NMC under investigation over governance and ‘toxic culture’
Nurse regulator to be scrutinised by Charity Commission after newspaper revealed an internal report had found fear could be compromising staff’s decision-making
The nursing regulator is being investigated over alleged toxic culture and concerns about governance.
The Charity Commission – the Nursing and Midwifery Council (NMC) has registered charity status – has opened a case to investigate NMC governance.
A spokesperson said: ‘We have received information detailing a number of serious concerns. We have opened a regulatory compliance case to assess this information and determine our next steps alongside other bodies.’
Newspaper allegations about racism and NMC fitness to practise cases
The NMC announced it would begin its own investigation after the Independent newspaper reported serious allegations about the working environment at the nursing regulator, including claims that racism is affecting fitness to practise cases.
The Independent said an internal unpublished report found a culture of fear in the NMC, with staff fearful of making or owning up to mistakes, was putting the public at risk because nurses who are not fit to practise are being left on the register without sanction, or are receiving inadequate sanctions.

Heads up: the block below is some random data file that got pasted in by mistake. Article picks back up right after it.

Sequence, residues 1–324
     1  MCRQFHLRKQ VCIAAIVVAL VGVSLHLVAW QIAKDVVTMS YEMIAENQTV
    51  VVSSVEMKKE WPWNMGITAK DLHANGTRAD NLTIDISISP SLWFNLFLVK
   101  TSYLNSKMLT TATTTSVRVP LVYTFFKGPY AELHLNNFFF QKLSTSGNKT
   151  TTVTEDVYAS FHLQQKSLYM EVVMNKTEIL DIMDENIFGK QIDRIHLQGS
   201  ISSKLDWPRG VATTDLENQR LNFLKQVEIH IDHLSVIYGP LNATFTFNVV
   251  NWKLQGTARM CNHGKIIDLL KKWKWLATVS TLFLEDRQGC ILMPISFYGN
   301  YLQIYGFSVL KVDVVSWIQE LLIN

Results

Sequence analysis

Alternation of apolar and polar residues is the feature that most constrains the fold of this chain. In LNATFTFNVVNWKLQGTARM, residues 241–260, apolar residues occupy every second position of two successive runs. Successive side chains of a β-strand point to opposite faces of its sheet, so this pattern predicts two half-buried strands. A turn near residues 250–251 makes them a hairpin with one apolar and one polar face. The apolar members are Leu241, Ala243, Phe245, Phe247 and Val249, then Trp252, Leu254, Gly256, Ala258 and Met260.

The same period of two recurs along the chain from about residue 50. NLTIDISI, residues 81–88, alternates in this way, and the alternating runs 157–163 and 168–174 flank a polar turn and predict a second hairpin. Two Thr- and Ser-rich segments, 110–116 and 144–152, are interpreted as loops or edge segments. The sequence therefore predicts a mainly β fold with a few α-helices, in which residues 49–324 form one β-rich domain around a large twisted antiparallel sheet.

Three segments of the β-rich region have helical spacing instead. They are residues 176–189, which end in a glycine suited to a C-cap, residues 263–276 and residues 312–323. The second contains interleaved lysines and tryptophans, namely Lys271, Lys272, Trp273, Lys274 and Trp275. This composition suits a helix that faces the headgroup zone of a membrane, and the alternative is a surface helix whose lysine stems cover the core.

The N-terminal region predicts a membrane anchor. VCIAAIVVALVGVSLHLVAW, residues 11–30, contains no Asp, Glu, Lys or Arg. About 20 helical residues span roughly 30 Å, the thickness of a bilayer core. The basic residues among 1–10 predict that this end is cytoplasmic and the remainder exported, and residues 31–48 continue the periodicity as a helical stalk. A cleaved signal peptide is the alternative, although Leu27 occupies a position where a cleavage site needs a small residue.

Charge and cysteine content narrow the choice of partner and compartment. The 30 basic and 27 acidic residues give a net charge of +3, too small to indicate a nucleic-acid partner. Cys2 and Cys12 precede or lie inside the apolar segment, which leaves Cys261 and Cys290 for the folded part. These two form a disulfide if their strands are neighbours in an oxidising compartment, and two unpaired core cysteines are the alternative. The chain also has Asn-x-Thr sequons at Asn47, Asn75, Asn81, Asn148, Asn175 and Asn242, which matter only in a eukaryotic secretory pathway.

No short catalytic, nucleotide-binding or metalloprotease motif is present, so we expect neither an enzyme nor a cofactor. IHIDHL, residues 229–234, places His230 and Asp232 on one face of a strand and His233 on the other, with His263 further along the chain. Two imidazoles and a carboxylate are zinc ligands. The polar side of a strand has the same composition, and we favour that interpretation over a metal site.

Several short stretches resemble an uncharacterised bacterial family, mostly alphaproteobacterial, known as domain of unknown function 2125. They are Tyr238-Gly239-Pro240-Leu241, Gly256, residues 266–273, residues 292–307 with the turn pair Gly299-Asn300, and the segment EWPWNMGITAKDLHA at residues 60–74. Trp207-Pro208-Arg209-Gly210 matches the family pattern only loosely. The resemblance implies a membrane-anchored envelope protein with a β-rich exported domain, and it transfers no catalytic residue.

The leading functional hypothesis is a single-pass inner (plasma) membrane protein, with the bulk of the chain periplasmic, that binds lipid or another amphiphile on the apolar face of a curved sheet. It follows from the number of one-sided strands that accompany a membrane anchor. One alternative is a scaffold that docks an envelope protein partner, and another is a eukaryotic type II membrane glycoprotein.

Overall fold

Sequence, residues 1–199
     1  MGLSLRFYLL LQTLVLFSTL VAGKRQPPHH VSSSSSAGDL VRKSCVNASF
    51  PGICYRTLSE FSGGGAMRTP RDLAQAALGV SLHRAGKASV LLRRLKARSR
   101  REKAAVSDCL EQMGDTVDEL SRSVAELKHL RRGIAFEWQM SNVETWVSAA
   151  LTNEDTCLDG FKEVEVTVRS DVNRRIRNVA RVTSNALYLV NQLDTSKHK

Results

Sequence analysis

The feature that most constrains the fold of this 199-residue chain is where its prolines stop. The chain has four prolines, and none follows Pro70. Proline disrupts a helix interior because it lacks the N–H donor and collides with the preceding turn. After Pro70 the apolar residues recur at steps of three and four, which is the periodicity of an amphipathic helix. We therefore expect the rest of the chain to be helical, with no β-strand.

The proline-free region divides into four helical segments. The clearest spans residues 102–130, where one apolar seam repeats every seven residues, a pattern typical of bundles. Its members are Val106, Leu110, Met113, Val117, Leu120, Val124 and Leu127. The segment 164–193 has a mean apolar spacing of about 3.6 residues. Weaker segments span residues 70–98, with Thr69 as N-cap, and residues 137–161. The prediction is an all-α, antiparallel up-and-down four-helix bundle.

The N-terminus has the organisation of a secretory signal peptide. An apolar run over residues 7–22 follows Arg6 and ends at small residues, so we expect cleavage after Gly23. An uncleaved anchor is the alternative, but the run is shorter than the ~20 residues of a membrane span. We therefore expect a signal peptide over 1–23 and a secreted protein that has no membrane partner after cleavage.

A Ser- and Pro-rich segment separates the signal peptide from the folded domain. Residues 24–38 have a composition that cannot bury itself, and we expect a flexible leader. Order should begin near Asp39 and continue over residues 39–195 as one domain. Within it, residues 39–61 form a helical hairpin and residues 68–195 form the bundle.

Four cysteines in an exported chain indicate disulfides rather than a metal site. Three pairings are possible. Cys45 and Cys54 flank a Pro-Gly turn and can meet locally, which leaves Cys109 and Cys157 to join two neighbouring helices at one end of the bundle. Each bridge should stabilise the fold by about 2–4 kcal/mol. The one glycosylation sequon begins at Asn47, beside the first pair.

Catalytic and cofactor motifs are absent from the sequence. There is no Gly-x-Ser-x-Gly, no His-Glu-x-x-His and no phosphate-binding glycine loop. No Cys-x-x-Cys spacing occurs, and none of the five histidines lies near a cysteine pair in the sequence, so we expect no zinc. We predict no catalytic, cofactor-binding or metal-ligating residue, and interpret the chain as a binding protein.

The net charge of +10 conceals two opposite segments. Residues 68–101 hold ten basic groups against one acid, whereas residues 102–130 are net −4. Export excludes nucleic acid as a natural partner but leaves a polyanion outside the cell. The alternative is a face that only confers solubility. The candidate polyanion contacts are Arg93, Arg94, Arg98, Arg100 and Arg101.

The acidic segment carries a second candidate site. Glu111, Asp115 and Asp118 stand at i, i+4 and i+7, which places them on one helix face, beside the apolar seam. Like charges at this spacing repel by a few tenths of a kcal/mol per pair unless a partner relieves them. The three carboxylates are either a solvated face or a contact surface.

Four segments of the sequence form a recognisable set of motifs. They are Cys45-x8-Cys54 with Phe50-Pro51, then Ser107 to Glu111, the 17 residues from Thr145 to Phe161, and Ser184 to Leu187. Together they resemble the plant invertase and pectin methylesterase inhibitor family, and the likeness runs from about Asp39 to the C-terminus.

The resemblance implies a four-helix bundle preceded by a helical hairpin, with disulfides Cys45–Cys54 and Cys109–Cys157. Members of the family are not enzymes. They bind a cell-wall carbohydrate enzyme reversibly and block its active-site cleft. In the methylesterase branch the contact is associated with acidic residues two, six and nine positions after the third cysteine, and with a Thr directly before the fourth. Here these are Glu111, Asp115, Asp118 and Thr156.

‘I’m very sorry there are concerns about our culture today. We know we have much more to do to create the safe and inclusive environment’
Andrea Sutcliffe, chief executive, NMC
‘Serious weaknesses’ in governance and culture found in 2008
Back in 2008, then Labour health minister Sir Ben Bradshaw commissioned a report by the Council for Healthcare Regulatory Excellence – later the Public Standards Authority – in response to allegations of bullying and racism at the NMC.
The report found ‘serious weaknesses in the NMC’s governance and culture, in the conduct of its council, in its ability to protect the interests of the public through the operation of fitness to practise processes’.
Sir Ben told the Independent on 4 October he was ‘extremely concerned’ it appeared little had changed since 2008 and wrote to the Department of Health and Social Care and the Charity Commission urging them to investigate.
He therefore welcomed news of the new investigations. Sir Ben told Nursing Standard: ‘I am pleased action is being taken and am hopeful that improvements can be made.’
‘NMC organisation has changed significantly’
NMC chief executive Andrea Sutcliffe, who joined the organisation in 2019, said: ‘The wide-ranging 2008 report into our performance and culture acknowledged the progress we had made at that time and our commitments to further improve.
‘While we have seen significant change within our organisation since then, I’m very sorry there are concerns about our culture today. We know we have much more to do to create the safe and inclusive environment that supports each of our colleagues to thrive and fulfil our purpose of protecting the public.’
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